First-time login tip: If you're a REBA Member, you'll need to reset your password the first time you login.
28 Mar 2024
by Paul White

Ways to mitigate the affect of inflation on group risk benefits

Keeping employees healthy and therefore insurance claims down is the best way to keep a lid on group risk costs

How to mitigate the affect of inflation on group risk benefits.jpg


Inflationary pressures and the soaring cost of living have been a challenge for employers for the past three years and resulted in rising costs across all aspects of a business.

Although price inflation is coming down from its peak of 11% in 2022 - and is expected to be 2% by the end of 2025, its impact will linger on, with high prices for goods and services the new reality. 

But when it comes to group risk benefits such as life insurance (death in service), critical illness and income protection, which are at the core of employee benefit packages, it’s a slightly different picture. 

Benefits in the protection market are not affected directly by price inflation in the same way as other benefits such as medical insurance might be. 

In fact, the underlying rates for buying these benefits for employers are pretty similar to what they may have been two decades ago. 

It’s the indirect effect of wage inflation, together with a rise in the number of claims that leads to group benefit costs going up – both of which can be difficult for firms to mitigate. 

Drivers of rising costs

High inflation is usually accompanied by a demand for higher salaries as staff try to keep pace with the cost of living. Wage inflation in the UK grew by around 6.6% in November 2023, although, adjusted for inflation, wages only grew in real terms by 1.4%. As salaries rise, so do the costs associated with some risk benefits.

The only way to mitigate the effect of wage inflation on these costs is to cut salaries, but this can compromise employee welfare and hit recruitment and retention, and so is not recommended.  

The second factor that hits insurance costs is the number of claims. Since the Covid-19 pandemic new claim patterns have emerged. According to Group Risk Development (GRiD), Covid-19 was a significant cause of an increase in Group Life (death in service) claims in 2020 and 2021, third after cancer and heart disease. 

The number of Covid-19 related group life claims have since fallen, but the effects of long-Covid on employees, and therefore on other protection insurance claims, is still being felt. The rise in long-term sick leave and in other healthcare claims post-Covid are still contributing to inflationary pressures in the protection market.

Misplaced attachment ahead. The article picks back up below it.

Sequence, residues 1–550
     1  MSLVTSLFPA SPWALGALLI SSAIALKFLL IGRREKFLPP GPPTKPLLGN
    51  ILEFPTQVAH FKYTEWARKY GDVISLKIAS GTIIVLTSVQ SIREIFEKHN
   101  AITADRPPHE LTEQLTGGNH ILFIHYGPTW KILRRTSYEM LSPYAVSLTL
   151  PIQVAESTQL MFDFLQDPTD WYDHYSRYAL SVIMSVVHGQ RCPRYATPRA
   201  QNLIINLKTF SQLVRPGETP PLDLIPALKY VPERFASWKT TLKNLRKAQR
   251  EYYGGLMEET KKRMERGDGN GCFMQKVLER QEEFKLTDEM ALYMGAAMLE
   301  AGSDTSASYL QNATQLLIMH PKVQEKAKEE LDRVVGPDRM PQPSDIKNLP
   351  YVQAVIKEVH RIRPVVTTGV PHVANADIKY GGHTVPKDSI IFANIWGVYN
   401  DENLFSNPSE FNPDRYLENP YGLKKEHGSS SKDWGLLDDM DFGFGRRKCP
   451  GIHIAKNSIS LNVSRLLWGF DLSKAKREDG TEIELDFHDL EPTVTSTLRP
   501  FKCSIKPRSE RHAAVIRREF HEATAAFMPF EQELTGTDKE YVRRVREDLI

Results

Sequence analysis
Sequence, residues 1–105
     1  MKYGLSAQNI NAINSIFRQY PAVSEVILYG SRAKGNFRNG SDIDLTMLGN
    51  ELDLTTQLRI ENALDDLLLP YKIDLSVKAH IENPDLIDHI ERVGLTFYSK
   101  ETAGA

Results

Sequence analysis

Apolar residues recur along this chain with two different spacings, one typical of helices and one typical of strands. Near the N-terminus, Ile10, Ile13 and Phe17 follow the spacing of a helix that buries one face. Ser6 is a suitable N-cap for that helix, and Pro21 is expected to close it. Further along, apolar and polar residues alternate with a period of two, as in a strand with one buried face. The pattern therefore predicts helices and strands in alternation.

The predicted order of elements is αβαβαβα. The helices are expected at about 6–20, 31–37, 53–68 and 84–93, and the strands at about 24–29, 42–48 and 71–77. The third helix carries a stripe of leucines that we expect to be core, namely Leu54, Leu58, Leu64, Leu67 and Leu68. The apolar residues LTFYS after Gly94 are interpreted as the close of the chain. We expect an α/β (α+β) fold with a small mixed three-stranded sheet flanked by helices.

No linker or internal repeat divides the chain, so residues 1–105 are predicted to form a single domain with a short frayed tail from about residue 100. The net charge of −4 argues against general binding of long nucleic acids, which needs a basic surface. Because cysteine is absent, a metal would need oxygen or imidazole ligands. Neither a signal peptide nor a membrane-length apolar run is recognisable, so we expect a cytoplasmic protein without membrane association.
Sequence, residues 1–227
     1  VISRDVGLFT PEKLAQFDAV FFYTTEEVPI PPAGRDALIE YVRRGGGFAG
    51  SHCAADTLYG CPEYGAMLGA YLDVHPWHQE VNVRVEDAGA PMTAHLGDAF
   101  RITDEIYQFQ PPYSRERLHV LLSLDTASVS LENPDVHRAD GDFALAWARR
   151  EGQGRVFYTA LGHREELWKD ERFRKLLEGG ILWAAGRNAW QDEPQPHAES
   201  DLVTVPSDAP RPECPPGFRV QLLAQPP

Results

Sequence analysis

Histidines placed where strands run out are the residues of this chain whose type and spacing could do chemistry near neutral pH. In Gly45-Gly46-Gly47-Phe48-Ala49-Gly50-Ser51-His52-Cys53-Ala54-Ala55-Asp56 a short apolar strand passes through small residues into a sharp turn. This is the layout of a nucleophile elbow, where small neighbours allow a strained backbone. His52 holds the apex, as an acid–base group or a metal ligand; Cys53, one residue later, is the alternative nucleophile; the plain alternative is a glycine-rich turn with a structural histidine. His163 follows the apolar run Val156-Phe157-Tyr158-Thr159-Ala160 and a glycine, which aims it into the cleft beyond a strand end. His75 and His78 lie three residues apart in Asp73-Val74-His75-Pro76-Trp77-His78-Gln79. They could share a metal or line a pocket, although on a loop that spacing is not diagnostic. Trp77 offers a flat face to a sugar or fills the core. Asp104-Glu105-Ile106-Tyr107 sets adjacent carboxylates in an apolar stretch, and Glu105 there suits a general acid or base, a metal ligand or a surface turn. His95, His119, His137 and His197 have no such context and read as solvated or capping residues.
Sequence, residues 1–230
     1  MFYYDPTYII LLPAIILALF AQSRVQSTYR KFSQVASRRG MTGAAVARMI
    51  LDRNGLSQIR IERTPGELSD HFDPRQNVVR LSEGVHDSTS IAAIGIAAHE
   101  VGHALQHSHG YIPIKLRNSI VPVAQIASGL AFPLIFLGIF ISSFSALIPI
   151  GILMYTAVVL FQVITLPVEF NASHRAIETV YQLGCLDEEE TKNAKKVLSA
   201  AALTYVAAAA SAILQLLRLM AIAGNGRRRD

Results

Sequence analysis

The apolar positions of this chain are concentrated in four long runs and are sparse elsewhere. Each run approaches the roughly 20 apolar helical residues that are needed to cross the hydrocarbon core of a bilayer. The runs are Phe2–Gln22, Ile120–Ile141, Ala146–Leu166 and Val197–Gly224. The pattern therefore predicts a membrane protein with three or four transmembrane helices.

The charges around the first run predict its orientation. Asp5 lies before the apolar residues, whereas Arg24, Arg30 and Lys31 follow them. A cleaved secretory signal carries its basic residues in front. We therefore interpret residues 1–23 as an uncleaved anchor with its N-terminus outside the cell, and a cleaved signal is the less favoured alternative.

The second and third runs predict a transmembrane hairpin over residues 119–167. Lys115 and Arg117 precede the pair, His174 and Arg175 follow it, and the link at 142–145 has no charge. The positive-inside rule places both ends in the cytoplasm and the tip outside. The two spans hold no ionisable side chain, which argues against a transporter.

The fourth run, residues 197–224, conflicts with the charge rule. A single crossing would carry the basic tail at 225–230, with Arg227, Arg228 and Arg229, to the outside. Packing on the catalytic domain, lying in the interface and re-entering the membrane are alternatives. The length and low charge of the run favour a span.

Mitigating costs

For employers there are only two ways to mitigate inflationary pressures in group risk benefits – reducing the value and number of claims. As group risk benefits are a safety net should something happen, employers need to concentrate on keeping employees fit and healthy, so they don’t need to make a claim. 

Therefore, refocusing their health and wellbeing strategy and ensuring it’s fit for purpose and supporting the workforce where it is needed most is recommended. 

Enhancing employee wellbeing, providing preventive healthcare, and implementing interventions to expedite recovery and return to work is key. This shift in benefits strategies towards prevention rather than cure is something protection insurers have long since recognised as the way to reduce claims. 

Insurers now offer a range of value-added products to support employee health and wellbeing including EAPs, mental health support and online GPs through to health screening, rehabilitation, and dental support, to name a few. 

Employers can leverage these value-added features in insurance products, as well as introduce other health and wellbeing initiatives and services to reduce the likelihood of employees having to make a claim.  

By taking this approach, employers can not only improve the health and wellbeing of their workforce but keep group risk benefit claims low. 

To conclude 

At a time when employers are faced with rising costs from recruitment and labour costs to medical insurance, they should be reassured that group risk benefits are not going up significantly and don’t have the same volatility.

Group risk benefits are a relatively low and stable cost for employers, and while they have an important role to play should the worst happen, they are only a small part of a well-designed benefit strategy. 

Employers should be concentrating on how they can provide the best health and wellbeing support for their budget that keeps people healthy and in work.

This involves optimising value-added products offered by insurers and offering additional health benefits that could enhance the overall employee experience. 

By doing so, employers not only mitigate the impact of inflationary pressures but ensure that their benefits package is comprehensive, competitive and aligned with the evolving needs of their workforce.

For more information on Howden Employee Benefits & Wellbeing, click here

Related topics

In partnership with Howden Employee Benefits & Wellbeing

Howden provides insurance broking, risk management and claims consulting services, globally. We work with clients of all sizes to provide dedicated employee benefits & wellbeing consultancy.

Contact us today